The bridge was the only reliable crossing over the flood-swollen Aire for miles in either direction. The Yorkists had to cross the river to engage the enormous Lancastrian army slowly deploying a mile to the north, between the villages of Towton and Saxton. Sooner or later, Clifford appreciated, they would realise how small the force was that opposed their crossing…”
If this whets your appetite, then please check out the paperback and Kindle versions of Book One below…
Links for David Pilling
Posted in Author Spotlight, guest posts
Tags: Book, books, David Pilling, England, excerpt, fantasy, fiction, historical fantasy, historical fiction, House of Lancaster, Paston Letters, The White Hawk Book One: Revenge, War of the Roses, White Hawk
Holly Stacey started life as an archaeologist and folklorist but always had a love of writing. Since moving to Essex, UK, her writing has been included in anthologies by Pill Hill Press, Bridge House, Rebel Books, Knowonder! and her own small publishing house, Wyvern Publications.
She has a Master’s Degree in Early Medieval Archaeology from the University of York and a Bachelor’s Degree in Cultural Anthropology and Archaeology from UCSB. She has excavated in three nations on Roman, Native American, Victorian, Anglo-Saxon, Viking, and Pictish digs, all of which inspire her writing.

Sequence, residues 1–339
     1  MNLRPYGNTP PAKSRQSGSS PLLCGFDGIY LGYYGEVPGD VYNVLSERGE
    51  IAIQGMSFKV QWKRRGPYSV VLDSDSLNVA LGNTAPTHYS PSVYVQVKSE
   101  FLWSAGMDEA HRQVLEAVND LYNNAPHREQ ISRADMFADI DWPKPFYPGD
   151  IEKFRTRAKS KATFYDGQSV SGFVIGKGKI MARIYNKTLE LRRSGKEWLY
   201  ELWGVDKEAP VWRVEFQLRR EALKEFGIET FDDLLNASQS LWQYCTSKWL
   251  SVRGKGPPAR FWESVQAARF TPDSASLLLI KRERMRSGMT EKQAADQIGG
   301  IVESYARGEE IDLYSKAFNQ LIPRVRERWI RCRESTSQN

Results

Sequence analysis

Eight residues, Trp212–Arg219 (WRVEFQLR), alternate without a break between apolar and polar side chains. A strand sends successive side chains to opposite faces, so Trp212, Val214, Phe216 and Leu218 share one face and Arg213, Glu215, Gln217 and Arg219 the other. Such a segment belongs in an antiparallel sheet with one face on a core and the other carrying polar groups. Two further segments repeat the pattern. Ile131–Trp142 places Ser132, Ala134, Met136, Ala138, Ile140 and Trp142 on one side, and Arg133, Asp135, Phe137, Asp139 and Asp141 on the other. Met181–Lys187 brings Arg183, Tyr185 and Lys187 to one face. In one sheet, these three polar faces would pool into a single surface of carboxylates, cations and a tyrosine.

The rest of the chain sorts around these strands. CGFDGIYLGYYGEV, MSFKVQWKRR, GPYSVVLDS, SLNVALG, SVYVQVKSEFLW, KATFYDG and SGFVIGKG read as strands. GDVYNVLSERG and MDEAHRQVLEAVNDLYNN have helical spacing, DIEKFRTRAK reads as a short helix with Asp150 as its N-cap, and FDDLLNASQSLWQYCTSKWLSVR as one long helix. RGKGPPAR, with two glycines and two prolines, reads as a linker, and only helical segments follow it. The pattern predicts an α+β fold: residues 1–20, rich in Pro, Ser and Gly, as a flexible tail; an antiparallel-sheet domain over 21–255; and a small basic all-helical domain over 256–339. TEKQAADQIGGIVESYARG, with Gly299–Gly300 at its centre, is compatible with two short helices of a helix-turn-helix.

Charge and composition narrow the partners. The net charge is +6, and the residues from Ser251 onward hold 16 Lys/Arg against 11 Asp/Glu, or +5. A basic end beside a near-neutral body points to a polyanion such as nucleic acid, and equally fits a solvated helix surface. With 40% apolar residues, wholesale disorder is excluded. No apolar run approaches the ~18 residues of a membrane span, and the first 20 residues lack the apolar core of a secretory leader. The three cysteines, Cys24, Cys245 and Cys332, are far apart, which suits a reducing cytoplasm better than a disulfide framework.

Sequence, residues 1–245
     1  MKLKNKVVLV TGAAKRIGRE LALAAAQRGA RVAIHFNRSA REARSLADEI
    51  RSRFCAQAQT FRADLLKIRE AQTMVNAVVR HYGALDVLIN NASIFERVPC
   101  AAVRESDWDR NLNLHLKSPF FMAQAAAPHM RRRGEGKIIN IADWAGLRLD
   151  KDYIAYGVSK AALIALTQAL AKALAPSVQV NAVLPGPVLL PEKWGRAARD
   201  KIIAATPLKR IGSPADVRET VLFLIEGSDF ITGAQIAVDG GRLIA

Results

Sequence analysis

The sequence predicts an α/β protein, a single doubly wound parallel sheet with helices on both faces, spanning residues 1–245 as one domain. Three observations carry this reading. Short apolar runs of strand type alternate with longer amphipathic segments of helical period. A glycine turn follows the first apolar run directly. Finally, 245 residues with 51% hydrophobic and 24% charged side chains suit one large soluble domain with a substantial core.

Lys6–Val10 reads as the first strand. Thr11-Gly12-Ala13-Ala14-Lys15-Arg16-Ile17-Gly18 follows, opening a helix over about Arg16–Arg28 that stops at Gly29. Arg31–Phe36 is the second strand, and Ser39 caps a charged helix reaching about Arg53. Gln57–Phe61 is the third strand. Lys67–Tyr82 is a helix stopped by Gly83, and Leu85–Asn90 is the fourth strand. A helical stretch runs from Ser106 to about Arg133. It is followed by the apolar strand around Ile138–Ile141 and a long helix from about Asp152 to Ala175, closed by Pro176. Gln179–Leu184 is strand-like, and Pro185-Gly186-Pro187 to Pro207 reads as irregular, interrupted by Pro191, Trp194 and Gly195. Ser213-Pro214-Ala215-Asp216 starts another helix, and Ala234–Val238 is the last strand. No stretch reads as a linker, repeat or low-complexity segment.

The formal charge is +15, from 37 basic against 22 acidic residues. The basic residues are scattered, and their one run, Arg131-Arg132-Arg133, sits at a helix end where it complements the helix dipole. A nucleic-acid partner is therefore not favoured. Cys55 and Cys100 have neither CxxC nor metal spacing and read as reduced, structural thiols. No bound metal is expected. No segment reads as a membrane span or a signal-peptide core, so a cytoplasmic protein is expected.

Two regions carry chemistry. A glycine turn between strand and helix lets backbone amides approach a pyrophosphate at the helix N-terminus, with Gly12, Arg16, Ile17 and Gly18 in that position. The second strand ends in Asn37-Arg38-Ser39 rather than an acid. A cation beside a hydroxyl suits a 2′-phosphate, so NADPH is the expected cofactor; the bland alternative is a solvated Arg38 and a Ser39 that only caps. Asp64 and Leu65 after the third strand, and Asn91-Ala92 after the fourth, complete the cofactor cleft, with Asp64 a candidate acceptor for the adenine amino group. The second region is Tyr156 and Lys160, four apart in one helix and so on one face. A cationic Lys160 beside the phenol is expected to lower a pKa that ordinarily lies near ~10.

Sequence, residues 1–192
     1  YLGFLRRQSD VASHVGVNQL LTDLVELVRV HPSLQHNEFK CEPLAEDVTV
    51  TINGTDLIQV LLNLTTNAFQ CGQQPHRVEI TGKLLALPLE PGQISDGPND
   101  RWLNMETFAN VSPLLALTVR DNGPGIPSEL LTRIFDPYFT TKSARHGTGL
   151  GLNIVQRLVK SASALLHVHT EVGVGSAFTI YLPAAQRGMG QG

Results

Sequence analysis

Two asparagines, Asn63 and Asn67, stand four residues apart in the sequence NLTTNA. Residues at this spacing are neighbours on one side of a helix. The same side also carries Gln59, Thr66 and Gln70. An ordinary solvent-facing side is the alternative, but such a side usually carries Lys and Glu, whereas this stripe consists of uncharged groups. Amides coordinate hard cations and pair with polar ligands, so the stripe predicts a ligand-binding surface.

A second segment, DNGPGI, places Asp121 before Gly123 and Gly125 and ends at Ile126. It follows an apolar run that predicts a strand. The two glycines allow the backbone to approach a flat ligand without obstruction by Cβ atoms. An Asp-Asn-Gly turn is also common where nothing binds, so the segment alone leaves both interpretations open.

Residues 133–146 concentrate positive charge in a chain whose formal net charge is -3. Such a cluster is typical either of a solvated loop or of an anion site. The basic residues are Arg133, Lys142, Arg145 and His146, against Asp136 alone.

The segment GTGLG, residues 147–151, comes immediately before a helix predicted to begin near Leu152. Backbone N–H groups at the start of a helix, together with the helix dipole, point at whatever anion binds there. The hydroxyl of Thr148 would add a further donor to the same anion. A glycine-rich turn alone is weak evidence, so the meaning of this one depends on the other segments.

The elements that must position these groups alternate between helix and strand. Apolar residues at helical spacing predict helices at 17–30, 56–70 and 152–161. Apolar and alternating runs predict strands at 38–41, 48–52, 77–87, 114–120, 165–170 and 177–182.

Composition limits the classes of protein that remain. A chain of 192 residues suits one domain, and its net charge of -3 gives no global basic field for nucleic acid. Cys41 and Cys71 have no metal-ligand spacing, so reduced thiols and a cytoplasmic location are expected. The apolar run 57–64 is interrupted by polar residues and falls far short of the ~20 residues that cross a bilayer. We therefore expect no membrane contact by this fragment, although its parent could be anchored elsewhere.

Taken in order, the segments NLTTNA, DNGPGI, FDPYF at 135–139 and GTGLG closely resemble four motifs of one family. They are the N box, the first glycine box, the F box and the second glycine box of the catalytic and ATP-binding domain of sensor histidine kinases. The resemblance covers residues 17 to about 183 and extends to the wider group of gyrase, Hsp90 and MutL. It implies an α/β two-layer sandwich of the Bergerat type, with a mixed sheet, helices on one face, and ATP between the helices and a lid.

Holly infuses her work with history and folklore, having a special love of dark tales with pirates, magic, and a bit of gold. Her award-winning teen novel, The Faerie Conspiracies is available to buy from Amazon and her historical fiction, Blood Tide: A Promise of Freedom is now on kindle.
Now a staff writer for the online literacy website for children, www.knowonder.com she is also working on a non-fiction book for the new press Springbok Publications. When not writing Holly spends most of her free time reading traditional fairy tales, creating jewellery for Seadrake Creations (www.seadrakecreations.co.uk) and spending time with her family. You can read more about Holly on her blog page: http://inkydoom.blogspot.com/